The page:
: Name these flys
01-24-2003, 09:25 AM
Heres a challenge for every one. Name these flys. All are pretty common dry flys. What may throw you off is that the picture was taken using a scanner set up to back light the flys. So the flys are shown as a fish would see them. I'll post the scan of them taken the normal way for comparison on monday.
01-24-2003, 09:29 AM
Heres a sample of the comparison to show you how the views change to help your guessing. The fly is an experiment of mine with chickabou to make a flufferbugger.
01-24-2003, 10:24 AM
Hmm - the Backlighting makes for an interesting twist!
Here are my guesses:
A: Adams Wulff
B: Mosquito (although the body appears to be dubbed rather than quill). Maybe a Dark Hendrickson? (Swift River Favorite)
D: the stumper - if the dubbing is tan, a Light Hendricson. If the dubbing is pale yellow, a Sulphur
May the guessing continue!
01-24-2003, 11:08 AM
Well Dave, you nailed it. Next time I'll have to make the pictures fuzzy.
A - Adams Wulff
B - Mosquito - Stripped quill
D- Light hendrickson
As fishermen we typically look at flies with front lighting. The fish see the fly, especially flys on the surface, backlit. Differences in the coloring make a big difference as we see them, but not as much from the fishes view. This sort of explains how sometimes a fly that bears no resemblence to the naturals will be successfull. Just my rambling thoughts.
Oh yah the comparison pic is below.
01-24-2003, 11:11 AM
That Flutter Bugger is a killer for many species been tying ones similar to that for a few years now. Olive is a favorite color.
Ty them with the plastic beads, gold, and brass bead heads and tungsten beads/cones.
Tungsten ones sink like "Red October"
01-24-2003, 11:16 AM
Hal, thanks I'll try it in olive.
01-24-2003, 01:11 PM
Olive grizzly marabou feathers, to be specific, great all around fly.
01-24-2003, 02:30 PM
A. Dark Hendrickson
B. March brown
C. Blue Wing Olive
D. Cream Variant
These are my choices
01-24-2003, 03:05 PM
Originally posted by John Desjardins
As fishermen we typically look at flies with front lighting. The fish see the fly, especially flys on the surface, backlit.
Good point, John. Another thing to consider is how the fish percieves the shadows created by the contact points between the fly and the meniscus. This is why I have gone to using parachutes almost exlusively, or even waterwisps for really picky fish.
Can't wait to see those first Hendricksons of the year popping off!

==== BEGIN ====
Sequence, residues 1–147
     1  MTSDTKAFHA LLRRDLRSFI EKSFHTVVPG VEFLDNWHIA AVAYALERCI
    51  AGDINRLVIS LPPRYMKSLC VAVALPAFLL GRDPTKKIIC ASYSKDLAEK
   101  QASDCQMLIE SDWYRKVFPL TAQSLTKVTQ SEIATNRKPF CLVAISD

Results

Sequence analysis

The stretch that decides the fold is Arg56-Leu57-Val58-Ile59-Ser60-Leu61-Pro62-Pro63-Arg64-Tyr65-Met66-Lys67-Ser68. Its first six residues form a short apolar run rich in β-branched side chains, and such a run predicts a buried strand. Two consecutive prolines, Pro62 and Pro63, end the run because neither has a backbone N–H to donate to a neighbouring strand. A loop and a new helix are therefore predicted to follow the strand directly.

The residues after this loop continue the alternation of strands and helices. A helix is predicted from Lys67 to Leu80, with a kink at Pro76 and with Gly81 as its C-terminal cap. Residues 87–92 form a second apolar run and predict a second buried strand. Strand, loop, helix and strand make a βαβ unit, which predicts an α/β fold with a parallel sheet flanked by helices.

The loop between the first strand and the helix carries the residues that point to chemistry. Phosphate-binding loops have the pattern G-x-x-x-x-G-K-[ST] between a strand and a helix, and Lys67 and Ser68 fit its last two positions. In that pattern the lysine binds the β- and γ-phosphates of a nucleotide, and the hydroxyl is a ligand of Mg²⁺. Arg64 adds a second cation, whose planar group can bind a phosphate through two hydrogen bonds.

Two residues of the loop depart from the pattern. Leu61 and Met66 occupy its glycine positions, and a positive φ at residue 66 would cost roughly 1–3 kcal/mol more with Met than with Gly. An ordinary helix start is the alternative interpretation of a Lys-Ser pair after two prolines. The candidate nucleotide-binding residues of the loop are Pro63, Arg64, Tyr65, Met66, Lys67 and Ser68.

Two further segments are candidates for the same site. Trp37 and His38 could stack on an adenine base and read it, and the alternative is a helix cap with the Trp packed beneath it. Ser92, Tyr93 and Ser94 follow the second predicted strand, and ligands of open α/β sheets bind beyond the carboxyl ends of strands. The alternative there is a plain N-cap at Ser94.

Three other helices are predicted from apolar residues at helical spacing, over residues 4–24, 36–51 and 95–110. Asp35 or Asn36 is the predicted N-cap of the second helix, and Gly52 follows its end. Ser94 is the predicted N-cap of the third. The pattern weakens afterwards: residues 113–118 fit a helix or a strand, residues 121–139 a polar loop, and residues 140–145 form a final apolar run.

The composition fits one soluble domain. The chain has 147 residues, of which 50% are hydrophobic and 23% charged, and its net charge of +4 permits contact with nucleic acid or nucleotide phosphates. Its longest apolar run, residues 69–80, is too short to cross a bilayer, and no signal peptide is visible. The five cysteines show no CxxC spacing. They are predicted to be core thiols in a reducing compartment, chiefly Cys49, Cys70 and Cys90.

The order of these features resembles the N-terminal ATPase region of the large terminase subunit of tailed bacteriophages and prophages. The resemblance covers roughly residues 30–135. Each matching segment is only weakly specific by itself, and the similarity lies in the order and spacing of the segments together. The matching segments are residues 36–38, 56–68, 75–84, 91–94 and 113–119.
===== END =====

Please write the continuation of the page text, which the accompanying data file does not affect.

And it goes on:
I guess the real question is how do the natural insects, which likely pass more light than these artificials, look while backlit? The even more difficult question that fly-tyers have been struggling with for at least a century is how to come up with an imitation that matches that backlit insect, particularly when the body of imitation gets wet...
01-24-2003, 09:14 PM
Poul & Dave, you hit the crux of my problem in thinking through dry fly design. I would love to see good pictures of hatches and comparable flies from below the surface. Of course it would look different depending upon time of day, weather, etc. It's all part of why we call it fishing rather than catching.
Cohocola, Good try.
01-24-2003, 09:30 PM
keep them coming
Yeah, but how do they look from underneath when floating on the water, and do trout "see" things the same way we do? You realize, of course, that books have been written on the subject...
And the best thing, is that we will never know! We will each develop our "pet theories", but we will really never know how right (or wrong) we are. But, as long as we are fishermen, and we catch some without doing serious damage to the fish population, it's great!
Besides, it does keep the tackle manufacturers in business! Want to laugh at ourselves? Just think about this- the last rod you bought. Did you REALLY need it? Are you REALLY catching more fish now than you did before? Are your casts REALLY that much longer, more accurate, etc. than before? Is life REALLY better?
01-28-2003, 05:06 PM
I'm curious about the backlighting technique. I tried that with my scanner to try to eliminate the shadow of the fly on the background and brighten up the background a bit, but also keep the underside of the fly visible and not silhouetted like yours. I used a piece of white paper behind the flies and shined a light onto the back of the paper, but the "backlighting" shows up as orange or pink, not white. Maybe I need a brighter light? Or maybe put the paper closer to the light and farther from the scanner? I'd be interested to know if your technique could be used to accomplish what I was trying to do.
01-28-2003, 08:10 PM
Q, I did the backlighting with a transparency adapter for the scanner at work. It shuts off the normal front lighting when the transparency adapter is selected in the software. The orange-pink color you get may be from a mismatch of the color temperature in the light you used versus what the scanner uses to illuminate the scan.
To get an idea of what fish 'see', the Proprietor of Flyanglersonline.com has an interesting article in the "Flies Only" section. Worth perusing.
01-29-2003, 08:51 PM
Thanks Dave very interesting pictures there. Worthy of a long examination.
01-31-2003, 04:31 PM
I agree with the choices for A,B,C but is D a PMD or PED???
02-03-2003, 09:07 AM
Moosestang, over the weekend I spent some time on the throne looking at one of the many catalogs of fly fishing products that are coming out now. You are right, D is not a light hendrickson. The hackle is not the right color.
Unfortunatelty I tossed all the flies back into my dry fly box after taking the picture so I'll never be able to say with certainty what it is. It could be a light cahill, PMD, sulphur or a variant of some sort. I have all of them in the box.
I'm sorry for any confusion I caused.